Who is to blame if pleasure overcomes guilt even when you know its wrong? At what limit would it apply to? You would think this would apply to the predator but would the prey be in the same turmoil too or is it just to create predatorial confusion? That was what happened to Lars, a mild mannered man, working for the swimming complex, who decides to take matters in his own hand when he notices a rumored pedophile in the pool. He sets off to prove his find and decides to stake-out, armed with a video camera, to expose the vile. Little did he know (and suspected to us...), his actions triggers a series of deep forgotten realization of everyones common past forcing themselves to face the truth and confronting them. A well rounded drama thriller, this satire is engaging and well paced. With a touchy subject at hand, although nothing absurdly profane, was handled well, even giving the protagonist a say in the matter as well, much like Kevin Bacon's film, The Woodsmen, with the view point of the abused ones and its effect.

Review: Dasepo Naughty Girls (Dasepo Sonyo)

I Want To Take Picture!

The myriad of colours, song and dance all bring about a very madcap feel to Dasepo Naughty Girls, based on an internet comic strip. In essense a series of short stories or skits woven together, it tells the story of the students of No Use High, a multi-religious schools where monks, nuns, priests, and atheists all study common general subjects under one roof.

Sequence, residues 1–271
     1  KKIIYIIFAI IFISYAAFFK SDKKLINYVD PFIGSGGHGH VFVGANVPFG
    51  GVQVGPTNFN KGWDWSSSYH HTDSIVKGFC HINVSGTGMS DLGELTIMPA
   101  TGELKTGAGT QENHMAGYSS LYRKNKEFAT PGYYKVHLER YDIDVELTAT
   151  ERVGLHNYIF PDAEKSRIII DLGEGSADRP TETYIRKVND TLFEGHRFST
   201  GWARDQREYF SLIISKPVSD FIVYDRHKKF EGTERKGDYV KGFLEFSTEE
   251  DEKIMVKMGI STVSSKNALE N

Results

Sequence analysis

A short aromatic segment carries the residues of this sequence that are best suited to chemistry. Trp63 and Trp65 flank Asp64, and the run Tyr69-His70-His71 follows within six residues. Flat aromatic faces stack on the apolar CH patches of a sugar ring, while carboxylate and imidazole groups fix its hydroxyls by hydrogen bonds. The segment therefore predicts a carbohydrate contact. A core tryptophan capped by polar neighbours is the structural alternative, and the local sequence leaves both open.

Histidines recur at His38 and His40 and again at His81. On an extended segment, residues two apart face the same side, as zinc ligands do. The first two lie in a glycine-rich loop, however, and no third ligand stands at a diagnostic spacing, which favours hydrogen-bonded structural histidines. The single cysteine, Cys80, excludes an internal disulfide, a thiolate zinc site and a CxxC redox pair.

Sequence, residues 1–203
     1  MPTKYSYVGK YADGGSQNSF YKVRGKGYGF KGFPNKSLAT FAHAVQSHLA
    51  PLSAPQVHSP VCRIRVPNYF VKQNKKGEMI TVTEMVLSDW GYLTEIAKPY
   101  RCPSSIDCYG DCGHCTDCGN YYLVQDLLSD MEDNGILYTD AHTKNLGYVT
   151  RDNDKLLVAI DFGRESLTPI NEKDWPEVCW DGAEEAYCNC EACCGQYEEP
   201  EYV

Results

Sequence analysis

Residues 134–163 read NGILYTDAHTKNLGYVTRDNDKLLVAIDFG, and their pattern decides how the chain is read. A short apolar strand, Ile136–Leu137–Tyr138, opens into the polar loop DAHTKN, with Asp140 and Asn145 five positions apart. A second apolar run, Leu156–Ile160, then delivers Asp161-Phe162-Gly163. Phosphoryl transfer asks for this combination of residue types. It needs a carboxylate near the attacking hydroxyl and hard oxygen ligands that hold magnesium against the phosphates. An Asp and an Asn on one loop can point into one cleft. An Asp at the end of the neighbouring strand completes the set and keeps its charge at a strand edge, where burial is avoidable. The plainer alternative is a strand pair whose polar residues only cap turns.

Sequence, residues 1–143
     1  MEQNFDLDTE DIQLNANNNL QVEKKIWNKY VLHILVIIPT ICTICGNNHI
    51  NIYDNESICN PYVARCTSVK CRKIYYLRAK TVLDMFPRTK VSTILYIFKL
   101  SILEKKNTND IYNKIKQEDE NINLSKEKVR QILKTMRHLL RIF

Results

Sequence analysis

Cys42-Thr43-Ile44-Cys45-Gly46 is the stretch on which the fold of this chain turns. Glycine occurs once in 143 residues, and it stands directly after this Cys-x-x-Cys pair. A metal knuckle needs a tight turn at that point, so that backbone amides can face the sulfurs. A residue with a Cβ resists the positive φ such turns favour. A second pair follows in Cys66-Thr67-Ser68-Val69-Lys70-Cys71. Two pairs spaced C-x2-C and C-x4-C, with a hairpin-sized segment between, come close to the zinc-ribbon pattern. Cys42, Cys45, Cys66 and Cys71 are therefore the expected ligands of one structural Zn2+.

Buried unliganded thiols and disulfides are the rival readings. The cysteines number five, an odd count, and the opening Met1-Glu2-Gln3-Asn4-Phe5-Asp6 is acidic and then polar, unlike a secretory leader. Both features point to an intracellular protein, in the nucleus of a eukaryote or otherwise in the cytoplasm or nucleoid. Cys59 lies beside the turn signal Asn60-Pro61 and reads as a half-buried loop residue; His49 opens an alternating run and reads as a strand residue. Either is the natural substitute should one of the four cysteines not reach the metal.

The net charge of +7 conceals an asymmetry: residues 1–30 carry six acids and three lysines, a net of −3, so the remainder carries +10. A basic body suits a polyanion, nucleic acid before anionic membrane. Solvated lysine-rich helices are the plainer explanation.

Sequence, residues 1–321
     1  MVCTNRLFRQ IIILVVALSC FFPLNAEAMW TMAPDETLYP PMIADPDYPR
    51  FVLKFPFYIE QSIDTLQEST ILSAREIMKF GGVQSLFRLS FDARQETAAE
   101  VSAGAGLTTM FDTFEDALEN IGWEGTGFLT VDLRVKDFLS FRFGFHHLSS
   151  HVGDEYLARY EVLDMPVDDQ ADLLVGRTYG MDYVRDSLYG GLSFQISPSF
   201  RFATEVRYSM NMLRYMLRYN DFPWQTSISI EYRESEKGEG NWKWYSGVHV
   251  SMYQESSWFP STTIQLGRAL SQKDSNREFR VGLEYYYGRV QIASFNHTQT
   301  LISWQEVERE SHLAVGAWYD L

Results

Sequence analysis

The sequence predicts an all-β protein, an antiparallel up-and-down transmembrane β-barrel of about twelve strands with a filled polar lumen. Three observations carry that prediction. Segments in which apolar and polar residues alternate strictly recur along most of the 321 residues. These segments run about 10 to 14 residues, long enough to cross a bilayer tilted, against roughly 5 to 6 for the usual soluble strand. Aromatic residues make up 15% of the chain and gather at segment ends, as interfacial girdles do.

The opening credits sequence had brought a smile to my face, and throughout the movie, the injection of song and dance made Dasepo Naughty Girls resemble Grease, albeit weaker in the flow of storylines and subplots, and of course not as polished, at times disjointed even with weak transitions.

Other than that, the movie does live up to its being "naughty", and is thoroughly cheeky with its bizzare multitude of characters - like the girl with a "poverty" doll sticking behind her back, an exchange student from Switzerland, the mysterious principal, a one eyed cyclops, a cross dresser, a girl born with a male member, and the list goes on.

Most of the skits had the usual expected punchlines to its scenes, no doubt similar in style and delivery like the 80s Hong Kong "mo-lei-tau" comedies with sexual innuendos. However, it's breezy and light, and without a doubt, it fulfils the goal of being pure entertainment.


Director Lee Je-yong was around to open the screening, and joked that his fourth film has been voted online as the worst movie last year, that the second was I'm a Cyborg but That's OK, and the last was Woman on the Beach. Since all three are featured in this year's HKIFF, unfortunately it brought a little dishonour to the selection. However, there were other better movies which are part of the selection, so it isn't all that bad.